Articles | Volume 20, issue 11
Hydrol. Earth Syst. Sci., 20, 4469–4481, 2016

Special issue: Vegetation changes under a changing environment and the impacts...

Hydrol. Earth Syst. Sci., 20, 4469–4481, 2016

Research article 07 Nov 2016

Research article | 07 Nov 2016

Downstream ecosystem responses to middle reach regulation of river discharge in the Heihe River Basin, China

Yan Zhao1, Yongping Wei1, Shoubo Li2, and Bingfang Wu3 Yan Zhao et al.
  • 1School of Geography, Planning and Environmental Management, the University of Queensland, Brisbane 4072, Australia
  • 2School of Geography and Remote Sensing, Nanjing University of Information Science and Technology, Nanjing 210044, China
  • 3Division of Digital Agriculture & Disaster, Key Laboratory of Digital Earth Science, Institute of Remote sensing and digital earth, Chinese Academy of Sciences, Beijing 100101, China

Abstract. Understanding the oasis ecosystem responses to upstream regulation is a challenge for catchment management in the context of ecological restoration. This empirical study aimed to understand how oasis ecosystems, including water, natural vegetation and cultivated land, responded to the implementation of the Ecological Water Diversion Project (EWDP) in the Heihe River in China. The annual Landsat images from 1987 to 2015 were firstly used to characterize the spatial extent, frequency index and fractional coverage (for vegetation only) of these three oasis ecosystems and their relationships with hydrological (river discharge) and climatic variables (regional temperature and precipitation) were explored with linear regression models. The results show that river regulation of the middle reaches identified by the discharge allocation to the downstream basin experiences three stages, namely decreasing inflow (1987–1999), increasing inflow (2000–2007) and relative stable inflow (2008–2015). Both the current and previous years' combined inflow determines the surface area of the terminal lake (R2  =  0.841). Temperature has the most significant role in determining broad vegetation distribution, whereas hydrological variables had a significant effect only in near-river-channel regions. Agricultural development since the execution of the EWDP might have curtailed further vegetation recovery. These findings are important for the catchment managers' decisions about future water allocation plans.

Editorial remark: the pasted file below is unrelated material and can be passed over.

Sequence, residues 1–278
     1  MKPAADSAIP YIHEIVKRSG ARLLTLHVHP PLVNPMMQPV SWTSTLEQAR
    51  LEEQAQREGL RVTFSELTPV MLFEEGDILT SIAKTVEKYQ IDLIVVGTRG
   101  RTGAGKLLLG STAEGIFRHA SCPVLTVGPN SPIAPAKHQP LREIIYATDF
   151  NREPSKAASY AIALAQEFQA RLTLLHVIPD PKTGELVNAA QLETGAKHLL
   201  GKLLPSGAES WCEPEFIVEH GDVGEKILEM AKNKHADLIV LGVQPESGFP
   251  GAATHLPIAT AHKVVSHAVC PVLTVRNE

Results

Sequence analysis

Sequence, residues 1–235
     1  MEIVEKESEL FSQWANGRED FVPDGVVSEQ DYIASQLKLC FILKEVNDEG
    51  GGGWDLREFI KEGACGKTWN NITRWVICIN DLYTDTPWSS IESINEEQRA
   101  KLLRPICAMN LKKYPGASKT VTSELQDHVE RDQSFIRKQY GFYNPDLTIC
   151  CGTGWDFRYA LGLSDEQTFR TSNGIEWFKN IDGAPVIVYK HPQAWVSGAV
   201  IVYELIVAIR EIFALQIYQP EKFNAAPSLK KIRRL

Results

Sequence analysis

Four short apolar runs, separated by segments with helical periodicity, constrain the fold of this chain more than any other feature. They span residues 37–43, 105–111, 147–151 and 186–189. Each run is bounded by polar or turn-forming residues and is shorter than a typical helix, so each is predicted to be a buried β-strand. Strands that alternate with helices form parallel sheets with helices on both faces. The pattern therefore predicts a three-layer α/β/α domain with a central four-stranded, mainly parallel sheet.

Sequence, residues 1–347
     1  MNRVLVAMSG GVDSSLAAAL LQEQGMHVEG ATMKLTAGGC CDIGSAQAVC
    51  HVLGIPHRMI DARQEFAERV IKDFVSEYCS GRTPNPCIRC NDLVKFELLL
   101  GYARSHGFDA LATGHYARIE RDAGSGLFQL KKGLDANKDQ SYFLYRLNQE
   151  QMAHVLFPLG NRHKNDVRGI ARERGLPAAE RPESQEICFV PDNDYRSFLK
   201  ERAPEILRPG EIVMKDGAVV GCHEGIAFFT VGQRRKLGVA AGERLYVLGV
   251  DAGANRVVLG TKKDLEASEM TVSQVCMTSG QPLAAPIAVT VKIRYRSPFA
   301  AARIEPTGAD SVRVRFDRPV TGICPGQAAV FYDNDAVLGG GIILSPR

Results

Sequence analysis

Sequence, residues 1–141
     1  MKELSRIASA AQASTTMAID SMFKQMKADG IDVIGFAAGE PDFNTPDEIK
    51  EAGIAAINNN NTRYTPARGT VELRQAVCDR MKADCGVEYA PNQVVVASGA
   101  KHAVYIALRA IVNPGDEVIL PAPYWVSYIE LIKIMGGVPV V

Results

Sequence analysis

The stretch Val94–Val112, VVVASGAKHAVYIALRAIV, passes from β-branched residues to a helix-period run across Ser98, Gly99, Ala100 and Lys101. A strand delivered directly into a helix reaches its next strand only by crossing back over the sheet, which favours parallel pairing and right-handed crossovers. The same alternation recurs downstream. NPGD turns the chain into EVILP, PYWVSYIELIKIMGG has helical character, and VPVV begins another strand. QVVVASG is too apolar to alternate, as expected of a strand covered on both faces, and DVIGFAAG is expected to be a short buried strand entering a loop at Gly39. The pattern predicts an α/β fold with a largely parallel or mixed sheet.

Short summary
The paper finds that combined inflow from both current and previous years' discharge determines water availability in downstream regions. Temperature determines broad vegetation distribution while hydrological variables show significant effects only in near-river-channel regions. Agricultural development curtailed further vegetation recovery in the studied area. Enhancing current water allocation schemes and regulating regional agricultural activities are required for future restoration.